Copenhagen, Denmark's capital, has been in the news recently for a decision by the city council to plant more fruit trees in public spaces. It's a decision that has been widely welcomed. What can Indian cities learn from it?
Back in July 2018,a little perplexed with the vanishing fruit trees in our cities, (actually, trees in general too), we set out to find out if rumours of a rule against fruit trees were true. There was no such rule, as we found out.
But we did discover a well established view in government circles, that planting fruit trees in public spaces was a poor idea. The reasons cited were many, none really convincing. From difficulty of procurement, to the risk of people getting hurt in trying to pluck fruits, to even public disorder to get the ‘free’ fruits. To us, these excuses sounded a remedy worse than the problem, in a country with the high levels of poverty and deprivation as India.
So now that Copenhagen seems to be getting global validation, perhaps we can also appeal to our powers that be to take a relook at their mindset. After all, India remains blessed to operate in a weather zone that is most conducive to all kinds of fruits and vegetables, making us the world’s no. 2 producer, no less.
In smaller towns, where ‘great’ ideas from the big cities thankfully take time to reach, it is still a pleasure to see children enjoy the adventures of plucking fruits from roadside trees, or even see fruit trees grow outside houses without facing the sort of attacks our city administrators predict. Even in our biggest cities, some of the earliest settlers saw it fit to plant specific fruit trees outside their houses, some of which have survived development, and continue to be an object of curiousity and wonder for many. You can witness this in the main road of Chittaranjan Park, for instance, a Delhi locality populated predominantly by Bengal-origin residents. The road is still lined with Aegle marmelos , or bael trees, also known as Bengal quince or stone apple or wood apple. The Bael fruit is valued for its medicinal properties by east Indians in particular, and that has probably contributed to the trees survival. Of course, where the trees ran up against any government agency, be it road widening, cable laying, or even pavement construction, they have usually lost. Importantly, these are trees that were planted by residents decades back, when they first moved into their houses. It was their way of arranging local sourcing of a valued resource, rather than lose touch in a new place.
People of a certain age group will still recall the mulberry or shahtoot trees, which offered their amazing fruits for a very short two to three week window in peak summer in parts of North India, to make it even more tantalising. We challenge you to meet ten millenials today, who have even tasted the fantastic shahtoot in a decade or more. Almost the same fate has befallen the custard apple, another fruit with flavours that are both unique and wonderful.
Similarly, travelling in Kochi during June used to be a time to wonder at Nature’s largesse, with the city’s many mango trees laden with fruit, making you wonder how anyone could go hungry. The story is repeated with the Bengal countryside and its jackfruit trees. Banana trees, a prized plant in most smaller parks may not grow the Robusta fruit that you see in supermarkets, but we can guarantee you that none of the fruit there is wasted. Guards and other workers are more than happy to use the fruit as a vegetable too, as we know. Mathura and its Ber trees are a legend in their own right. As of to prove government assertions wrong , some of the capital’s own key roads are lined with jamun trees, where roadside sellers sit and offer their wares to the public. These of course a legacy of the Lutyens design, that earmarked key roads with their own exclusive line of a single species of trees.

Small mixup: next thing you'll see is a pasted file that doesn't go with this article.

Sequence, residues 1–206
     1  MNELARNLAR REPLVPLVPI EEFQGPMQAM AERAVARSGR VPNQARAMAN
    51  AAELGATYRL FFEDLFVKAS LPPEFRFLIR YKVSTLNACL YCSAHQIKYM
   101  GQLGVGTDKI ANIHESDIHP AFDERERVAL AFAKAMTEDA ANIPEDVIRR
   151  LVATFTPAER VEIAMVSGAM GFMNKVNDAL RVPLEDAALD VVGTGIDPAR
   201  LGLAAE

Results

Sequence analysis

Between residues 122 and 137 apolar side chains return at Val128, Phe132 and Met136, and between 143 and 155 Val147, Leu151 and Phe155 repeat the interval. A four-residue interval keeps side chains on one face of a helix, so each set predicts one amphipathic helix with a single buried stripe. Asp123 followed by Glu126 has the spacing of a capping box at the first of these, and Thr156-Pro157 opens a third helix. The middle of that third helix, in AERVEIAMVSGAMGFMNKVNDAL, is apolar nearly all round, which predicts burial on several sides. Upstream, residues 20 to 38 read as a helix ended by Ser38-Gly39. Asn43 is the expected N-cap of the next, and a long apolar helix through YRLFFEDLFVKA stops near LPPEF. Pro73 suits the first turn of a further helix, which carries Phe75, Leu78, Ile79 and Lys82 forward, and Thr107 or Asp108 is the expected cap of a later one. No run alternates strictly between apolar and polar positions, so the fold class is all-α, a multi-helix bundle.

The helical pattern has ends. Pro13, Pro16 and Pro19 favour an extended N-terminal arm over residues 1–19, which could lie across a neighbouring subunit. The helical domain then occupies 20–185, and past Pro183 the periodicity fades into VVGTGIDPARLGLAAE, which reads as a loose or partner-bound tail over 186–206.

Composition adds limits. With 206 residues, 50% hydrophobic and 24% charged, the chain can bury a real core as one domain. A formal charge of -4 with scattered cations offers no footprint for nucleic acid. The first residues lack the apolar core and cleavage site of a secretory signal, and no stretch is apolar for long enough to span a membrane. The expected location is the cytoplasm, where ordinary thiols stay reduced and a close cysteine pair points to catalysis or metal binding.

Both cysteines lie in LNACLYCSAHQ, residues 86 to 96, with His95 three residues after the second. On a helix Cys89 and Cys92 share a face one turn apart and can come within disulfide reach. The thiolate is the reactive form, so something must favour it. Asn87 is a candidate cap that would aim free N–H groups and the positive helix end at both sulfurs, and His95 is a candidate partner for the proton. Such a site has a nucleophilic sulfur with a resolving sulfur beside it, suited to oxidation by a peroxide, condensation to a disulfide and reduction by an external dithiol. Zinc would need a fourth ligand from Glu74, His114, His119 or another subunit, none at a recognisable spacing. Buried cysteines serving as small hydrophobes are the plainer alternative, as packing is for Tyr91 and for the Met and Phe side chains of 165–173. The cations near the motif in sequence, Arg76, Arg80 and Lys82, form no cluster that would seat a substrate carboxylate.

Fruits in fact, seem to have fallen into the industrial trap of being seen only as a resource to be exploited for functional needs and profit, an not for the amazing joy and benefits the sight of a fully laden tree can bring to everyone who sees it.
With a new awareness on the importance of trees, and the drive to launch massive tree plantation drives by both government and private bodies, we believe it is critical to ensure that the right fruit trees are planted too. And fruit trees are as natural and native to most parts of the country than anything one can imagine. Monoculture plantation drives, or drives that focus on quick growing trees that add almost zero value to the local ecosystems. are an abysmal waste. Planting fruit trees could do more to help manage the menace of monkeys for instance, or support a wider avian population. Instead of the horrific practice of feeding rotting grains to pigeons who seem to be overriding all other birds in some cities now.
And this is before one even gets into the benefits of seeing fruit trees around them for the average citizen, and students, to better appreciate nature’s bounty. And learn to preserve it. Our many public parks, greens around monuments, school grounds and even the vast government grounds offer a ready made canvas to change our relationship with fruit trees again. It’s time we made the first move.
As we head into 2020, here’s wishing a revival of fruit for all in India too.